The results confirm that living in poverty increases an individual’s probability of deterioration of health. In a compact form, Figure 3 presents our results from 12 separate regressions (4 outcomes, three poverty measures). Here we report the odds ratios related to the respective estimated poverty dummies. Individuals classified as poor according to the income measure are 37.7% more likely to report bad subjective health in a later wave of the survey than their richer counterparts; they are 4.5% more likely to suffer from 3 or more symptoms; 18.7% more likely to suffer from 3 or more limitations; and 5% more likely to die. The last three effects, however, are not statistically significant.

In contrast, the effects of wealth-defined poverty and subjectively assessed poverty are 2-8 times stronger than those of income poverty, and they are also significant for all outcomes but death. Overall, wealth-defined poverty and subjective assessment of material well-being strongly correlate with deterioration in physical health (exactly the same goes for improvements in health, see Adena and Myck 2013b).

Figure 3. Poverty and Transitions from Good to Bad States Overlap


Notes: Data weighted using Wave 2 sample weights. Source: Authors’ calculations using SHARE data (Wave 2, release 2.5.0, Wave 3, release 1, Wave 4, release 1).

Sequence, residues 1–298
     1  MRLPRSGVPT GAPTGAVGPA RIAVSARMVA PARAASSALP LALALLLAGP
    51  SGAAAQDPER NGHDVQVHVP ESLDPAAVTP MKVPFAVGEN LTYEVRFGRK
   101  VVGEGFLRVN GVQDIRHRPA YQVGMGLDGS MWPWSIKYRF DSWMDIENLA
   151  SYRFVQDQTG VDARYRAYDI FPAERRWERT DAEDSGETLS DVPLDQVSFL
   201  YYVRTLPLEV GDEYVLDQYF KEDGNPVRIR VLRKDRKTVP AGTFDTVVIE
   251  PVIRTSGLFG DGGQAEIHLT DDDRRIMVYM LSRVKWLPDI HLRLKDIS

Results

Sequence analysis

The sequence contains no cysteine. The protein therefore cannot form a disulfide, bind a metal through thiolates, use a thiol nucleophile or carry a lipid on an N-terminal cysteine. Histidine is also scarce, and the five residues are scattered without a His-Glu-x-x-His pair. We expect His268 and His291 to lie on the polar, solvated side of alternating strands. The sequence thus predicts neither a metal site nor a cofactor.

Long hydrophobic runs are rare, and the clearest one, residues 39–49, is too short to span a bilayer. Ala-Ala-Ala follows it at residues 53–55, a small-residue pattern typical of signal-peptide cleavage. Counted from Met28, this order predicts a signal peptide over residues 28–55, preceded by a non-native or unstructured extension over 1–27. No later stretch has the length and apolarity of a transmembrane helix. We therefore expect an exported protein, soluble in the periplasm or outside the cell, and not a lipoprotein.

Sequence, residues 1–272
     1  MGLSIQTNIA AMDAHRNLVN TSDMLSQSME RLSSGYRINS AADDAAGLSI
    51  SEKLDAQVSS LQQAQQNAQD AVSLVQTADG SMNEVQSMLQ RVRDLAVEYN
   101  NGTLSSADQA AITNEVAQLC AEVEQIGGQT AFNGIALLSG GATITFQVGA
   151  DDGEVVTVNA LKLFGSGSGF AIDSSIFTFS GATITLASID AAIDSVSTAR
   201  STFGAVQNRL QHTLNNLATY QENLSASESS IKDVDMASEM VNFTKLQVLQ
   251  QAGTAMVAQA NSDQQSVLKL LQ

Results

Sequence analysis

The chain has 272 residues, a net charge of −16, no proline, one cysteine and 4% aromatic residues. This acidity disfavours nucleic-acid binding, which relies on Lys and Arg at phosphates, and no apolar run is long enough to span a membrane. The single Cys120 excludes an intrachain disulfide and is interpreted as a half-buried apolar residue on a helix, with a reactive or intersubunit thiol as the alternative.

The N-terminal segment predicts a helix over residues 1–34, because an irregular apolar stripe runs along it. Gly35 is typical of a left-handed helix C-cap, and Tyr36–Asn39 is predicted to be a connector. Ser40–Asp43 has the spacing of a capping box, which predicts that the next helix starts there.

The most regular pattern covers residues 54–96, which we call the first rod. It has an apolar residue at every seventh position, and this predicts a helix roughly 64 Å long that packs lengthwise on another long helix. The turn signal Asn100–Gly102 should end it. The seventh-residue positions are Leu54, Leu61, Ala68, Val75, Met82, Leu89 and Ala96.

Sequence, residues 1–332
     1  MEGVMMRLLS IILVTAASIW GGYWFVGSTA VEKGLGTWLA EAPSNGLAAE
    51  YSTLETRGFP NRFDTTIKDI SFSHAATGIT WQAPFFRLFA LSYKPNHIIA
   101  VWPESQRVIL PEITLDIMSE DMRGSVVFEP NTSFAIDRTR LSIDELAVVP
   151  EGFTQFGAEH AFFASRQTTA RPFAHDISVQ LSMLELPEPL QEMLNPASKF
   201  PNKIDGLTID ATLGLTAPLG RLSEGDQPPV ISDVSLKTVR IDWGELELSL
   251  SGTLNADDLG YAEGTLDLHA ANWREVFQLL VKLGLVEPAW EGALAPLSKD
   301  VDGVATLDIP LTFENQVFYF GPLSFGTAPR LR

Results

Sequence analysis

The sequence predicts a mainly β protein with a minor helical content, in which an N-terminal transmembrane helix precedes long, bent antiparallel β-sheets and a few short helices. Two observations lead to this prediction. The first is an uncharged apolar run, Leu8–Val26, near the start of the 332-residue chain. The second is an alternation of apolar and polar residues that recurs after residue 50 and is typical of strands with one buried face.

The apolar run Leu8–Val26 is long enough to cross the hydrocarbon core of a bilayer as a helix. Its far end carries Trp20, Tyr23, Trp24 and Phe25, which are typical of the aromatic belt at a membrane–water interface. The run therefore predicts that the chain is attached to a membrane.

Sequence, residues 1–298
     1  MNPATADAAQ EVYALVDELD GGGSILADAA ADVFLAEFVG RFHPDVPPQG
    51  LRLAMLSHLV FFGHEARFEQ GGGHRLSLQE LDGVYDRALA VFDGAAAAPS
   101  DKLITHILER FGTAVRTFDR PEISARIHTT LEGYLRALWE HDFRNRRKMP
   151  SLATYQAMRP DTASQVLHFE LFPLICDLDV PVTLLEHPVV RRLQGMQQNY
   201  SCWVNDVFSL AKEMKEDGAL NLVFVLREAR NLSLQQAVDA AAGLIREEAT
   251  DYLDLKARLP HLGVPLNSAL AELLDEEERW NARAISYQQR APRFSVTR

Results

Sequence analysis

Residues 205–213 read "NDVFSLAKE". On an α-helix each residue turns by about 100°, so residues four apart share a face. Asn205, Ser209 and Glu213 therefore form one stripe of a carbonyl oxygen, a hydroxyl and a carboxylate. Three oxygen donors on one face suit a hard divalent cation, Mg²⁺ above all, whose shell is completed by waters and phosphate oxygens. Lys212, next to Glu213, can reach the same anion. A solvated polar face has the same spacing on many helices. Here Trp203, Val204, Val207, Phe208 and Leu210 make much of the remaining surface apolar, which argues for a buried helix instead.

Poverty and Mortality in the Age Group 50-64

Our analysis reveals differences between age groups and confirms the decreasing importance of income (and thus income defined poverty) with age. As compared to the average effects presented in Figure 3, for the younger age group 50–64 income poverty proves more important as a determinant of bad outcomes, with transition probabilities between 20 and 40% for all outcomes (see Figure 4). The magnitudes are closer to those of other poverty measures, but still lower in all cases. Importantly, we find that wealth-defined and subjective poverty is an important determinant of death in the age group 50–64.

Figure 4. Poverty and Transitions from Good to Bad States 50-64 Slide3